Have a Mantra
Still, sometimes everybody just has a shitty day. Everybody. You just don’t feel it that day or, you hit a spot in your workout where you think you just can’t go on. You’re done. It happens to everybody. This is when I use my mantra. It’s nothing special really. No magic trick. When it get’s really tough I just start repeating this in my mind “I am doing this. I will not stop. I will not stop. I am doing this,” and so on. It takes a while, but usually after a short amount of time my pain goes away, my legs feel better, and nagging voices in my head go away too. It even gets easier again. You can literally convince yourself that you are doing this now. No discussion. Whatever the issue, you can convince yourself to go on. And the voice will go away.
Be honest with yourself
Most of those mental tricks have a catch to them– You have to be honest to yourself. And that’s a difficult balance. On one hand, you have to be honest and not aim for a goal that is too high. Aim high. Absolutely. Just not too high. On the other hand, you have to be honest and kick your butt when you know you have to. You know when you are lazy. You know when your workout is half-assed. Don’t ignore that inner voice. Be honest. I would say this is the main reason why most people can’t hold on. Don’t lie to yourself about how good your workout was today. You know if you did it right or not. Listen to that. Act on it. It’s very rewarding.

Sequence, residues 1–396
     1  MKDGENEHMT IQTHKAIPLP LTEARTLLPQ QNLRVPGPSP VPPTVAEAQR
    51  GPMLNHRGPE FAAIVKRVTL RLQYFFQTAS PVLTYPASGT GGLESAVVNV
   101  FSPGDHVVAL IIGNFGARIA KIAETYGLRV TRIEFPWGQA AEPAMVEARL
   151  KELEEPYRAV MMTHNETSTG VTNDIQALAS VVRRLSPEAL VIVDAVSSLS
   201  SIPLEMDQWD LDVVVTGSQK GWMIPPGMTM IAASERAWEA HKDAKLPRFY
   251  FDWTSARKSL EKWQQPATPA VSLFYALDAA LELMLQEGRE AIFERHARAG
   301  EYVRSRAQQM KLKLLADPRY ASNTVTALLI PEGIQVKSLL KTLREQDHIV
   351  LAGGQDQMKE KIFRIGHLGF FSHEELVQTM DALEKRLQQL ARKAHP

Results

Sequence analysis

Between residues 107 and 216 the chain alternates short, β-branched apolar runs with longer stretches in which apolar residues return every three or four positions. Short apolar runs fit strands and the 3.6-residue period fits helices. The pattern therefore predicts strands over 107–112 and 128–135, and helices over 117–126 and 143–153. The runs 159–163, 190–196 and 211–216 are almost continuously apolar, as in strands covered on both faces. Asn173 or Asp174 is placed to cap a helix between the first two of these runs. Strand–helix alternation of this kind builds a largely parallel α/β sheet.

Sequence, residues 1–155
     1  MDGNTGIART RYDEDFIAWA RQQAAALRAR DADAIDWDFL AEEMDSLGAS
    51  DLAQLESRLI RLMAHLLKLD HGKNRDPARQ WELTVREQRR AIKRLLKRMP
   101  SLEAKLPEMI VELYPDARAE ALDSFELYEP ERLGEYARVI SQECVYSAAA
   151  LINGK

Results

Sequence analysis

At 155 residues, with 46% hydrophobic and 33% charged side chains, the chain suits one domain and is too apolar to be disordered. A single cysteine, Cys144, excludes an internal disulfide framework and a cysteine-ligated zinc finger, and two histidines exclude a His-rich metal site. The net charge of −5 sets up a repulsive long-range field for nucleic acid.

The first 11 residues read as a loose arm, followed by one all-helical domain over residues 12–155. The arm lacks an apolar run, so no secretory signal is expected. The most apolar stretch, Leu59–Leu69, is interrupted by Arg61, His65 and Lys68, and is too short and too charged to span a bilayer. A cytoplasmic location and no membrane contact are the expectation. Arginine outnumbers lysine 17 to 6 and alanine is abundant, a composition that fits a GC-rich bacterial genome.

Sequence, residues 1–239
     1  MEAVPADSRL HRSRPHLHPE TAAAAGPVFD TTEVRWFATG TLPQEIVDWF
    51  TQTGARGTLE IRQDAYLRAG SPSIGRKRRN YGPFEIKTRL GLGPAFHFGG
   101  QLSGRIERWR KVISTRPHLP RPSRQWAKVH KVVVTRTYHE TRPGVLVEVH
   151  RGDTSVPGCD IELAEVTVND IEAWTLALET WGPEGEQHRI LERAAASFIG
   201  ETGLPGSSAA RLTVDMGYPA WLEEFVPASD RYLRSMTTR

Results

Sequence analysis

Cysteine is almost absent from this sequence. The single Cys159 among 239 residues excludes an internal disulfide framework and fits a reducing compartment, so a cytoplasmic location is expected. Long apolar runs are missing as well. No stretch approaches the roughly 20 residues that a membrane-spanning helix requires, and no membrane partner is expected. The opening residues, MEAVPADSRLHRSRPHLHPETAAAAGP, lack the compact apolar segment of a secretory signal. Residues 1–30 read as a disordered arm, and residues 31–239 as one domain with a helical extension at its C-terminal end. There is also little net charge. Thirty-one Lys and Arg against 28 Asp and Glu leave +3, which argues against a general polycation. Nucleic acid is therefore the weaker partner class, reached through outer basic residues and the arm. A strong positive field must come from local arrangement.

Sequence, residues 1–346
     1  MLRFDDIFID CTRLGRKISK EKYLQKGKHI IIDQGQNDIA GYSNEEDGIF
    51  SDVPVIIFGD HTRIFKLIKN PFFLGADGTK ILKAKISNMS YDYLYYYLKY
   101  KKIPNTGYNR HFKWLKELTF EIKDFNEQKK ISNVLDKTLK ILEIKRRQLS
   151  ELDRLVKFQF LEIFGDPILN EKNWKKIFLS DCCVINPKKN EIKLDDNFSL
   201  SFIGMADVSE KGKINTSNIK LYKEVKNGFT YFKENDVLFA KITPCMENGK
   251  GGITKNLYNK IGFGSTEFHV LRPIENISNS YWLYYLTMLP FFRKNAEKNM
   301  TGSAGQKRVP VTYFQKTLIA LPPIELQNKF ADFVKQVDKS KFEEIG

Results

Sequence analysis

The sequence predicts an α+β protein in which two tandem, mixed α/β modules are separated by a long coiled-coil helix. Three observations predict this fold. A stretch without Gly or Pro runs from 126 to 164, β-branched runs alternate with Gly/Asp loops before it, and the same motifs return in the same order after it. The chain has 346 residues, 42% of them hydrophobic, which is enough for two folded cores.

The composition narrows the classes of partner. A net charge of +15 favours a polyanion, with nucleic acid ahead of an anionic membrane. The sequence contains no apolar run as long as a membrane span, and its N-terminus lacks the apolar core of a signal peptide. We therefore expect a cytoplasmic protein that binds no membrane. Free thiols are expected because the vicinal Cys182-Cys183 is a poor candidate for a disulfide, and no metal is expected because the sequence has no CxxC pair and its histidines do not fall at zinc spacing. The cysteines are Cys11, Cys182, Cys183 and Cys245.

Celebrate small victories
Once you kicked your own butt a little bit and you know you did good, celebrate it! I started out a year ago running 2-3km a day, very slowly in the beginning. That’s not much. But that doesn’t matter. I did it and I pushed through. It wasn’t easy at the time, but I pushed through. Celebrate that. You earned it. You will feel more confident next time. After every session, you will know you can do it. After every session you will gain a little bit more confidence. Use your gained confidence for the next time – and so on.
To me, a big one. However, I don’t listen to music during the entire workout. I try to keep it as an extra trick up my sleeve for the tough days. If I listen to my motivational songs all the time, they kind of loose their power. I always have headphones with me, but I only listen to music when I have to. When I play my motivational music and then think about my goal, I can break through a lot of barriers.
It’s not always about yourself. In fact, it’s very helpful to have support from others. That might be a running group, a running buddy or a workout friendship. We are very social animals and sharing the pain definitely makes it less!
Support also means having your partner support you! Not only can your partner can hold you accountable: “I thought you wanted to go on a run today,” but it goes beyond that, even if they aren’t interested in the same sport you are. Their support in you pursuing your passion can help you tremendously. Thank you so much BB! You rock and I truly appreciate your support – every day!
And I support all of you out there getting through your workouts! 🙂